FOR IMMEDIATE RELEASE
April 28, 2021
CONTACTS: Angie Schmitt:
National Discussion to Highlight Trend Toward Decriminalization of Jaywalking
More and more cities and states are rethinking rules that criminalize walking. From Virginia to California to Kansas City, decriminalizing jaywalking is no longer a radical idea but an increasingly viable policy proposal.
It is also a moral imperative, say leaders like New Jersey transportation expert Charles T. Brown and John Yi of Los Angeles Walks.
On May 3, these experts will be leading a national discussion outlining progress toward decriminalization taking place across the country. Panelists will include:
Virginia Delegate Patrick Hope (D-Arlington) whose bill, HB 5058, led to the removal of jaywalking as a primary offense in the state of Virginia.
Michael Kelley, Policy Director at Bike Walk Kansas City, who will explain the effort underway in that city (Kansas City, Missouri) to decriminalize all minor biking and walking infractions.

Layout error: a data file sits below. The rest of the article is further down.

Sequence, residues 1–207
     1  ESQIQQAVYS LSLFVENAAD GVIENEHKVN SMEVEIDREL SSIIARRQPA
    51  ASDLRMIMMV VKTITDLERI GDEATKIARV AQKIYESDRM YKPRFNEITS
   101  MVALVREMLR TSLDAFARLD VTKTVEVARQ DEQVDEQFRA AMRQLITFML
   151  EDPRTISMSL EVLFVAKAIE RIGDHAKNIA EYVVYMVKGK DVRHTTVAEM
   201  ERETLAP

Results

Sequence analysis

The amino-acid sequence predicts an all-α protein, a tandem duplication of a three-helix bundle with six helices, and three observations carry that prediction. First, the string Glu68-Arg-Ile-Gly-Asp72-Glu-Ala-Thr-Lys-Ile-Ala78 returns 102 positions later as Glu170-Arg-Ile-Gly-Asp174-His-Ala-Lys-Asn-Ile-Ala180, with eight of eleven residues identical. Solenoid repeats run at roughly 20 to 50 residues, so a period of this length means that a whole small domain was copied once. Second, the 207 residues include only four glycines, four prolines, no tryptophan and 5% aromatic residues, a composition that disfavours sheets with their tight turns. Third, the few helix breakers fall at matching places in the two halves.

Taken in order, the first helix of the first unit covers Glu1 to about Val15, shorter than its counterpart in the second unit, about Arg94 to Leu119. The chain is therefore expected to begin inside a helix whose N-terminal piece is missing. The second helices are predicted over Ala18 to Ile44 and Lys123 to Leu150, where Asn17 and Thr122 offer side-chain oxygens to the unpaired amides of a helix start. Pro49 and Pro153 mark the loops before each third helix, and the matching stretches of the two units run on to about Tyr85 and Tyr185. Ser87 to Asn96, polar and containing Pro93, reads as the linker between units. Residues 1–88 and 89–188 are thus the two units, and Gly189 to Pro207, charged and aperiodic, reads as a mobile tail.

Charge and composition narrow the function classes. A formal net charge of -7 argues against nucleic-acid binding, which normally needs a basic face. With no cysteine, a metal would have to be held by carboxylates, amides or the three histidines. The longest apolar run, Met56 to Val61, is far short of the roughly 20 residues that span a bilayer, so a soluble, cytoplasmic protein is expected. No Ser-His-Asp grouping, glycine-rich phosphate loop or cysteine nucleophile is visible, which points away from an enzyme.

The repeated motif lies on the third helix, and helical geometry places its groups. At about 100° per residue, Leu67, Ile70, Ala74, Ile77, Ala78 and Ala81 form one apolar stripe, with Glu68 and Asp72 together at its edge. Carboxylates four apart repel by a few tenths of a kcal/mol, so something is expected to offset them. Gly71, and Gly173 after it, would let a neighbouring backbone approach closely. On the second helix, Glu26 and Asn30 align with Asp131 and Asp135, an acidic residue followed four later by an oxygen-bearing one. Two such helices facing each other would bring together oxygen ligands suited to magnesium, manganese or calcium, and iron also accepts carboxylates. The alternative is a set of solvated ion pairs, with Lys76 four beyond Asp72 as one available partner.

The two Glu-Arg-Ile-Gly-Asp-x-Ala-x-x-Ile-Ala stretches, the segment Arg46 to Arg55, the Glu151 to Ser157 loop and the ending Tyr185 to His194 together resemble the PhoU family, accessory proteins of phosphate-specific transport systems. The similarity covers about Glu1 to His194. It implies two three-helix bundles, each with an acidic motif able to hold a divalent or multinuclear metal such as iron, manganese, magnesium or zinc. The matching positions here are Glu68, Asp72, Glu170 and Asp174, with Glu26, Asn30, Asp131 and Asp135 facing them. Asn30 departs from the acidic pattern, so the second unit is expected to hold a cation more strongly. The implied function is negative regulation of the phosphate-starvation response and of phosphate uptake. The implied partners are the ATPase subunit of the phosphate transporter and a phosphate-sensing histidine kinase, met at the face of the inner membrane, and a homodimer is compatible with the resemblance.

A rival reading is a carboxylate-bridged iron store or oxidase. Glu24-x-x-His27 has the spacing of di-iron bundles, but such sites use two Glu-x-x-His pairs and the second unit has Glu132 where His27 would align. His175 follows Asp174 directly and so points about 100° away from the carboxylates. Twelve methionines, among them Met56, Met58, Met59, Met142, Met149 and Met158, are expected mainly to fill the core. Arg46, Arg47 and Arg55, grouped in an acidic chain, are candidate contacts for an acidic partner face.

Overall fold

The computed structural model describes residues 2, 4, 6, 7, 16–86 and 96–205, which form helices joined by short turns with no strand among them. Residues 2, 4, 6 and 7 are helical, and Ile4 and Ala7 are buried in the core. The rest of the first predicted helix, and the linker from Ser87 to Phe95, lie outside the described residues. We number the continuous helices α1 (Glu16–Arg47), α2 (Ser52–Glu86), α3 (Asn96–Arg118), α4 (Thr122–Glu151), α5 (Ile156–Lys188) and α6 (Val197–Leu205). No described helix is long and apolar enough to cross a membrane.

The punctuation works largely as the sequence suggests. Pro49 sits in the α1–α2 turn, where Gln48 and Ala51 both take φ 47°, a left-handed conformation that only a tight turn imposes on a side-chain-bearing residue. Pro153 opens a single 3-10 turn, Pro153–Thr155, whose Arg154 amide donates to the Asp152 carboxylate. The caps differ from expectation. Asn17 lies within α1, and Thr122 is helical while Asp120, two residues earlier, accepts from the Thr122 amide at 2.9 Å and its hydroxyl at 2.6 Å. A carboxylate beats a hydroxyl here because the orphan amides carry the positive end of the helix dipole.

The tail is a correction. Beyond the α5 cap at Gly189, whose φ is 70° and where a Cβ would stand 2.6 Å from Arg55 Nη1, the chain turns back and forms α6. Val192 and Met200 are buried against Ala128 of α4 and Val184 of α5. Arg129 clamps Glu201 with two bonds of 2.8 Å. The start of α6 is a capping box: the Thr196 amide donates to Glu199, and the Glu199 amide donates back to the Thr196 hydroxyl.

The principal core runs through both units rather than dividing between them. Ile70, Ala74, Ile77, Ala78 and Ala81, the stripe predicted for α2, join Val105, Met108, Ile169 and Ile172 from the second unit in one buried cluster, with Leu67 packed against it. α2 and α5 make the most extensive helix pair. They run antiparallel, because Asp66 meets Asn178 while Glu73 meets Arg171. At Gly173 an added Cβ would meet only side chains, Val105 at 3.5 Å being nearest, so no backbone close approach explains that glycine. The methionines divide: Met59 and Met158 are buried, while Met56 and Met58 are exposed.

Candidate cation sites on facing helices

Caro Jauregui of California Walks, who will offer an update on the progress of AB1238, which recently passed out of the Transportation Committee in the California Assembly.
Angie Schmitt, author of Right of Way: Race, Class and the Silent Epidemic of Pedestrian Deaths in America (2021 Island Press) who will provide background on the impetus for the change.
Jaywalking enforcement has frequently been found to be racially biased. Additionally, experts from urban planning and other fields are beginning to better understand the structural reasons for pedestrian deaths and injuries (such as hostile road design and increasing large trucks and SUVs).
All of the panelists and moderators are available this week for interviews.